It is no secret that the National Collegiate Athletic Association (NCAA) oversees a very profitable business. The billions of dollars that college basketball and football programs generate on a yearly basis have had student-athletes clamoring for their fair share for decades. In 2019, the Fair Pay to Play Act was introduced and picked up steam after California Governor Gavin Newsom signed the bill into law. The Act would allow Californian student-athletes to receive compensation for their name and likeness as soon as 2023. California’s legislation is paving the way, with other states like Iowa and Georgia following suit. Most recently, Florida’s governor signed a bill similar to the Fair Pay to Play Act, that would allow college athletes to receive compensation for their name and likeness as soon as July 2021. About two dozen other states are considering similar legislation to apply pressure on the NCAA to quickly allow student-athletes compensation for their respective names and likenesses.
The NCAA Board of Governors announced its support for allowing student-athletes to profit in some way from third-party endorsements and social media deals, so long as none of that money was coming from the athlete’s respective university. However, the NCAA was supposed to vote on new name, image and likeness rules in early January of this year but have since paused the process in light of the Supreme Court announcing it will decide on a case concerning compensation limitations on student-athletes.
This is certainly not the first time that issue of “fair pay” for college athletes has been litigated, but the upcoming legal battle could have major ramifications for the landscape of college sports. The case pits the NCAA who claim to be protecting the idea of “amateurism” against student-athletes and a multitude of supporters who believe the NCAA’s rules violate the Sherman Antitrust Act.
Amateurism is not a homegrown American ideal. British elites imagined amateurism when the peasants rowing on the River Thames started to regularly best the elites in competitive races. The British aristocrats fabricated a Greek history of amateurism and tied it to the notion of being a gentleman, claiming sports should be hobbies and not for making a living. The NCAA picked up this concept in the early days of summer baseball leagues. Summer vacation resorts used to pay college baseball players to play at their resorts as entertainment for the guests. The universities noticed and attempted to claim the students’ participation in summer baseball leagues rendered them ineligible.
However, when the universities formed the NCAA, the NCAA strictly interpreted an amateurism requirement in college sports. The NCAA originally denied college athletes’ ability to receive compensation in any form, including scholarships. But, until the enactment of the Sanity Code in 1948, the NCAA did not have the actual power to enforce the amateurism requirement. On the flip side, the Sanity Code allowed for college athletes to receive funds for college tuition and fees. Currently, there is constant temptation for college athletes to accept improper benefits from alumni boosters and sports agents. These “benefits” can include anything from new cars, like the rumors of Lebron James’ hummer to recent allegations that University of Tennessee football recruits received stacks of cash in McDonalds bags. Accepting said benefits can lead to wide-ranging penalties against a student-athlete, including suspension from college sports, forced charitable donations, and adverse impacts to the athlete’s future professional status. Violations of the amateurism requirement are often blurred, ranging from attending parties and failing to disclose relationships with professional athletes, to selling autographs and accepting cash from agents and boosters.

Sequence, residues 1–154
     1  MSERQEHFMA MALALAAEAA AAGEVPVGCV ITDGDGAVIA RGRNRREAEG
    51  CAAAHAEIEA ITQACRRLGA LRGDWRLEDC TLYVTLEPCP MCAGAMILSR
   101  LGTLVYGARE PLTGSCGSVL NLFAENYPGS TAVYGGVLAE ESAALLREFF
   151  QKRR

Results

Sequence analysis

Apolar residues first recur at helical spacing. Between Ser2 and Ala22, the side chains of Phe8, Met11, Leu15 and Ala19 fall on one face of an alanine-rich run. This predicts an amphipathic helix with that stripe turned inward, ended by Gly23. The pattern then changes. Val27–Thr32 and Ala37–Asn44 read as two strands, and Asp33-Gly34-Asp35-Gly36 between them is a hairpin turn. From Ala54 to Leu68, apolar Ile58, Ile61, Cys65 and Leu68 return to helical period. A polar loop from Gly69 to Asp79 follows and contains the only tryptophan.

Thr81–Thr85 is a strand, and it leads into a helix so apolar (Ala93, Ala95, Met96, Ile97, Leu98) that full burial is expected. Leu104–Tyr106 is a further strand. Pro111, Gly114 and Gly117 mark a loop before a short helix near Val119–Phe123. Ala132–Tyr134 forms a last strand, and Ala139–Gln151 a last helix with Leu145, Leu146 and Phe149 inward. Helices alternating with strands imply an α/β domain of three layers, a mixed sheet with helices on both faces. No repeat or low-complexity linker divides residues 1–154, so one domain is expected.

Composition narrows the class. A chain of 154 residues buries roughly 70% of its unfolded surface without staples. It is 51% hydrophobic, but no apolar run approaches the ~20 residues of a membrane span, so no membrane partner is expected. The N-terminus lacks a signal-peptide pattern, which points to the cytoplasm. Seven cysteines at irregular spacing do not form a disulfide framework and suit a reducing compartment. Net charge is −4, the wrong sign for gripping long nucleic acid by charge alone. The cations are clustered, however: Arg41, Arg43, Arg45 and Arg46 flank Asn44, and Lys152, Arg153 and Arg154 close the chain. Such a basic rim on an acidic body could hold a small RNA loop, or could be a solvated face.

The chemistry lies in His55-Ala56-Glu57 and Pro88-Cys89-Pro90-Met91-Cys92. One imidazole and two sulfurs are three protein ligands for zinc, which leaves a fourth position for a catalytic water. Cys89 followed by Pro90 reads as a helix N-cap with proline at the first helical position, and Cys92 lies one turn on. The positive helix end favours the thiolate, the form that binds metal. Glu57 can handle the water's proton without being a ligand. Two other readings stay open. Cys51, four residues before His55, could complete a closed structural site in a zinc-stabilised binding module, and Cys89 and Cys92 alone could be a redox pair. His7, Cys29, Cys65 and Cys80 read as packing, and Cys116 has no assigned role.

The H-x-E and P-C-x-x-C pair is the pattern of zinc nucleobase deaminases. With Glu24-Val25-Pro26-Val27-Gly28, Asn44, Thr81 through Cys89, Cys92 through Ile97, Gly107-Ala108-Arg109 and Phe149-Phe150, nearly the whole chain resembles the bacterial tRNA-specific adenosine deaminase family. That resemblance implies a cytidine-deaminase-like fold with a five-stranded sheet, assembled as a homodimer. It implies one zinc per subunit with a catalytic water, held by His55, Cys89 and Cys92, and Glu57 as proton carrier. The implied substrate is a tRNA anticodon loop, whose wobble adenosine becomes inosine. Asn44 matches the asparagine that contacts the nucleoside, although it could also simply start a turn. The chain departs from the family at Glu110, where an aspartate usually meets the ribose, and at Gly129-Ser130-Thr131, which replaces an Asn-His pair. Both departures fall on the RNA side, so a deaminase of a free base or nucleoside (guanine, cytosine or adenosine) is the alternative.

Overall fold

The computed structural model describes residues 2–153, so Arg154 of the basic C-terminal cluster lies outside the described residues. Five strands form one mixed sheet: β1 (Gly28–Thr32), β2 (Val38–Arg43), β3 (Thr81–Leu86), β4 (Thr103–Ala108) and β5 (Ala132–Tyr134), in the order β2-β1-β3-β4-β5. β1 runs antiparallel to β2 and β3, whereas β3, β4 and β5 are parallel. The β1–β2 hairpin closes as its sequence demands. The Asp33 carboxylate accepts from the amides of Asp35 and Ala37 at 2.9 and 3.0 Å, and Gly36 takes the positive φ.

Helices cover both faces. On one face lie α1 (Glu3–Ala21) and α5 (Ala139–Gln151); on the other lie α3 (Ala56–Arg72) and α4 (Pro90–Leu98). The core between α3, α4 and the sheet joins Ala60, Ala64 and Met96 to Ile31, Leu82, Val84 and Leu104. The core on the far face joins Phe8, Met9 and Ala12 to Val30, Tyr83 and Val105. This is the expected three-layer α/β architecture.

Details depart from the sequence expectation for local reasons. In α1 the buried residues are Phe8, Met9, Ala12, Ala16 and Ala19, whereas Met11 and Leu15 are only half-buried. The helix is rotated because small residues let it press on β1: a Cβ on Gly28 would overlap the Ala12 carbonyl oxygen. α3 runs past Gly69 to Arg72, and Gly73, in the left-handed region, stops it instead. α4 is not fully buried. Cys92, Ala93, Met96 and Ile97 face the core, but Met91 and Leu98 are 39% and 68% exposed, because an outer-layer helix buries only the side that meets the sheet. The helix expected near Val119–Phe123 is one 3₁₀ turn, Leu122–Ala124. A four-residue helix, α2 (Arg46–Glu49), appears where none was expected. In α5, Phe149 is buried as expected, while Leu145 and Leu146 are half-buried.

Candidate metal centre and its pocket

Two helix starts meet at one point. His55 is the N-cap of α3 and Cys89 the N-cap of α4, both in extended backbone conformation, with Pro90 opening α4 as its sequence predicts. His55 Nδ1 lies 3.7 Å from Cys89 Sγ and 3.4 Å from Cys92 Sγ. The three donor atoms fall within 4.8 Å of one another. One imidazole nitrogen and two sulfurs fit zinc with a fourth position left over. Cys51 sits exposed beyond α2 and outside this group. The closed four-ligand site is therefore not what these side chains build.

The Sherman Antitrust Act was enacted in the late-1800s in order to curtail restraints of free trade and economic competition. The Supreme Court has since decided that the Act does not prohibit every restraint of trade, but just those that are unreasonable. The NCAA has long relied on its amateurism rules being necessary in order to place more value on the athletes’ education and protecting against certain universities having an unfair advantage in terms of recruiting. The Supreme Court has even affirmed the NCAA’s stance as recent as 1984. Opponents of the NCAA’s practices have argued that its rules limiting athletes’ compensation to just scholarships are a restraint on trade in violation of the Sherman Act. A decision in favor of increased avenues of compensation for collegiate athletes would certainly be a landmark ruling, and a change of tune for SCOTUS.
Either way, the debate about compensation goes back to the paramount case, O’Bannon v. NCAA. At the time, current and former student-athletes challenged the NCAA’s bylaws that restricted players from licensing out their own name, image, and likeness. The lawsuit was brought by Edward O’Bannon Jr., claiming that the “amateurism” rules were a restraint of trade under the Sherman Act. The court held that although the plaintiffs failed to sufficiently identify harm under a rule of reason analysis, agreements among colleges not to offer football or basketball recruits more than full value of grant-in-aid for athletic services constituted a restraint of trade. Moreover, it was found that the NCAA’s “amateurism” argument was not enough to justify a “sweeping prohibition” on compensating players for use of their name, image, and likeness. The fallout from the O’Bannon decision led to similar actions in In re NCAA Student-Athlete Name & Likeness Licensing Litg. And Hart v. Electronic Arts. In these subsequent actions, the student-athletes argued that the Electronic Arts’ videogame NCAA Football misappropriated their names and likenesses. Specifically, in Hart, the court held that the video game set out to create realistic representations of the individual players. In fact, the Hart court concluded that the reason that NCAA Football was valuable was that it intended to create realistic versions of the players, which appealed to EA’s target market, thereby leading to higher sales.